On the Saturday morning BL (Before Lemonade), I tweeted, ‘#LEMONADE day! What do you think it is? Album? Mini movie? She’s revealing gran’s lemonade recipe?’
About three quarters into the visual album, I gasped. There it was – Beyoncé’s spoken word voice-over sharing her grandmother’s lemonade recipe.
‘Take one pint of water, add half a pound of sugar, the juice of eight lemons, the zest of half a lemon, Pour the water from one jug then into the other several times. Strain using a clean napkin.’
The themes explored on Lemonade are multi-layered: adultery, infidelity, love, sisterhood, redemption, forgiveness and generational pain. While Lemonade is made of undistllled #BlackGirlMagic, it’s the last theme I keep coming back to: the sins of our fathers and the resilience of our mothers.
‘Am I talking about your husband or your father?’
Throughout the film, Bey draws a parallel between the pain caused by her lover (maybe autobiographical) and that caused by her father (definitely autobiographical). The idea of ‘daddy issues’ is not new territory in pop culture, but Beyoncé’s reframes it, looking at it through the lens of black womanhood.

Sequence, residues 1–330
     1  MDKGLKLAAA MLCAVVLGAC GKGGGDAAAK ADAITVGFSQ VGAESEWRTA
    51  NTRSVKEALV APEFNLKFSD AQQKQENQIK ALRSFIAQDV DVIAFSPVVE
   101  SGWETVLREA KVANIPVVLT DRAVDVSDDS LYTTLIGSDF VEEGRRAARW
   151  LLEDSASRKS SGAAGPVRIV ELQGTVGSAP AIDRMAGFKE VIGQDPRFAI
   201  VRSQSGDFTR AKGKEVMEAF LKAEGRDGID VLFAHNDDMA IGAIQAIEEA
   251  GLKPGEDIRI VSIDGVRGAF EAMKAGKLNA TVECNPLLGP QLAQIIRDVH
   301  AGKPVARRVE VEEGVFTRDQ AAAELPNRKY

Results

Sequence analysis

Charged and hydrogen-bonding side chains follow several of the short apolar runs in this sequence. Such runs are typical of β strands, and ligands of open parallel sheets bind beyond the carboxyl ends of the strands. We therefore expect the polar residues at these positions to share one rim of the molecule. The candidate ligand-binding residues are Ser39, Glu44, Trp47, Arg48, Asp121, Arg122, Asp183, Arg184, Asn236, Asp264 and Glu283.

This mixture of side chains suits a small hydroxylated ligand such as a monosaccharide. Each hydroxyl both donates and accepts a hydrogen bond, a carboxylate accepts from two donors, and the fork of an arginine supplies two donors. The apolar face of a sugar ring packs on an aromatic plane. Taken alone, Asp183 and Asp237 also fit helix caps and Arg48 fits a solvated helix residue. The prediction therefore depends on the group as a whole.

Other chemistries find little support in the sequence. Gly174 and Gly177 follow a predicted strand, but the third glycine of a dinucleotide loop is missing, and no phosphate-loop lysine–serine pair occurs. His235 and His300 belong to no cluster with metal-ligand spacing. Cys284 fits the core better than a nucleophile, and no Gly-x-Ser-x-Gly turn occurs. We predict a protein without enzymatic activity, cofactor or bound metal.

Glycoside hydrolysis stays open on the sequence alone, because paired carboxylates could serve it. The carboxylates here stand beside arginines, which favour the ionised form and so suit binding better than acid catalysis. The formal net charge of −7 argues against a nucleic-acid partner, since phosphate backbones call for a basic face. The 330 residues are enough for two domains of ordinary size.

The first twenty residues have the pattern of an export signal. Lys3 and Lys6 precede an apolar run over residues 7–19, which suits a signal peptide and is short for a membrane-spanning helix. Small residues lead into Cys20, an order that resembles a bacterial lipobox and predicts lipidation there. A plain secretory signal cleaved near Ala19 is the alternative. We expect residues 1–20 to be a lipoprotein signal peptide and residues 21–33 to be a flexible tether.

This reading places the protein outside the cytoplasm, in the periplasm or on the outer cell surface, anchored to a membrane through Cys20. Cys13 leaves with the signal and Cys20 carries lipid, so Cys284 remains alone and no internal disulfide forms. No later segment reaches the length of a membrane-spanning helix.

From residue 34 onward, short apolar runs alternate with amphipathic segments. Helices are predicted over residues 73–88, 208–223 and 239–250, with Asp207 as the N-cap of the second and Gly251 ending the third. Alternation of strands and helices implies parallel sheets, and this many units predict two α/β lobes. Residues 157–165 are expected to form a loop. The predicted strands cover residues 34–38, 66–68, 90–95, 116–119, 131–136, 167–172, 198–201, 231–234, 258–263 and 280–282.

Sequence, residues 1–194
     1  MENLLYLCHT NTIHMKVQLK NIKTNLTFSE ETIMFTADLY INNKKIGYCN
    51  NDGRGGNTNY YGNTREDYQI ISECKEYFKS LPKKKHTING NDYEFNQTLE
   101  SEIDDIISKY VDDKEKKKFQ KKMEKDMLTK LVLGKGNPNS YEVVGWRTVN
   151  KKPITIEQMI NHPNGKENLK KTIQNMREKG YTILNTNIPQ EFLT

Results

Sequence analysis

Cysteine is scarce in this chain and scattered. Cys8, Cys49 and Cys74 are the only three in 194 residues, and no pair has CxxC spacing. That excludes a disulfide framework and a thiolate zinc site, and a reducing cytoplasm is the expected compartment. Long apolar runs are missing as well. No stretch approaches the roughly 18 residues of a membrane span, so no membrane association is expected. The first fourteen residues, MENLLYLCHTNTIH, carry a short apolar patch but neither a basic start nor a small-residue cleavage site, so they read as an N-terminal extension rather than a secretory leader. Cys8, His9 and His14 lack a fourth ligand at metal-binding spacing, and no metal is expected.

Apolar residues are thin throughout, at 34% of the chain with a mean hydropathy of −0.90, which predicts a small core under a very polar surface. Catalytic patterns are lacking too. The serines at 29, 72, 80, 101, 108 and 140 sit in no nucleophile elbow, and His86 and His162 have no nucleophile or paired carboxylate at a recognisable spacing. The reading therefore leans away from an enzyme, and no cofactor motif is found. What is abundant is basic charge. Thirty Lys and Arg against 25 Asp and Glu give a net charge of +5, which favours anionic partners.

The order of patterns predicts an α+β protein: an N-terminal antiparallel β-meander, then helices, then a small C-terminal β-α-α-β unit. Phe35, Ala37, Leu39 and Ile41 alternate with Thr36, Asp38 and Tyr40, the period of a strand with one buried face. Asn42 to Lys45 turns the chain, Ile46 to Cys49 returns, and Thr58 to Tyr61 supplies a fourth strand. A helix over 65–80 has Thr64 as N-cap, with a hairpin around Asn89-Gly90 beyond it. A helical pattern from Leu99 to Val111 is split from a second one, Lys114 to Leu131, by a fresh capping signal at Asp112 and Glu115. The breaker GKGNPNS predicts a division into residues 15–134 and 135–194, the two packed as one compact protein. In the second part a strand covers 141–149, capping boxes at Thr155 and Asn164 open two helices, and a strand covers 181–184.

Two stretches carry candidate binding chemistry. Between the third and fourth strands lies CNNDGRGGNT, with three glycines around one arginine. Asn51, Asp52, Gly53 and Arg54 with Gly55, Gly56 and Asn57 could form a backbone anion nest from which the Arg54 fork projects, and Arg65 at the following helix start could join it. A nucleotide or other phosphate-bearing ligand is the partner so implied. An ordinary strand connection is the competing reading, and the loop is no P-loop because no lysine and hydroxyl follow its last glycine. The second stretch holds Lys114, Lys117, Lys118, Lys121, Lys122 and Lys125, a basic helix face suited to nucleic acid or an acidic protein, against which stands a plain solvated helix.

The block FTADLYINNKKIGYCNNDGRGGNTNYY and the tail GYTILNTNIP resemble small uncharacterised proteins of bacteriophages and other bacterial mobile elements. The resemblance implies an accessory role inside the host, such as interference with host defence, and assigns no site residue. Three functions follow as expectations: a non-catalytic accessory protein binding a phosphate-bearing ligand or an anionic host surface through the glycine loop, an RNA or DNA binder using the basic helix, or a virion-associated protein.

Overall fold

‘When trouble comes to town / And men like me come around / Oh, my daddy said shoot’
Her ‘Daddy Lessons’ – not issues, mind you – are bittersweet: independence, toughness, but flavoured with sour notes about her father’s relationship with her mother. Beyoncé talks about legacies passed down through generations. She describes how her grandmother ‘spun gold out of this hard life, conjured beauty from the things left behind […and…] found healing where it did not live’.
‘You passed these instructions down to your daughter who then passed it down to her daughter.’
It’s been a week since we were served Lemonade. It’s made me cry, dance, write and most importantly, think. Lemonade challenges me as a feminist, as a woman and as a newlywed. How do I partner? How will I parent? How will I work through generational pain to ensure I only serve those who come after me the sweetest lemonade?